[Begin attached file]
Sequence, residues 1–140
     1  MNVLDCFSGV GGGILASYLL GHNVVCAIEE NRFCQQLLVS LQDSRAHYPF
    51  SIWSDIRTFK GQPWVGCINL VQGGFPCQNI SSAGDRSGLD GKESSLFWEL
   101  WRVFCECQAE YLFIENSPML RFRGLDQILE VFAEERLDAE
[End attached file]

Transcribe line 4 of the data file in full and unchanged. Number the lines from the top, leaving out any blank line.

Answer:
   101  WRVFCECQAE YLFIENSPML RFRGLDQILE VFAEERLDAE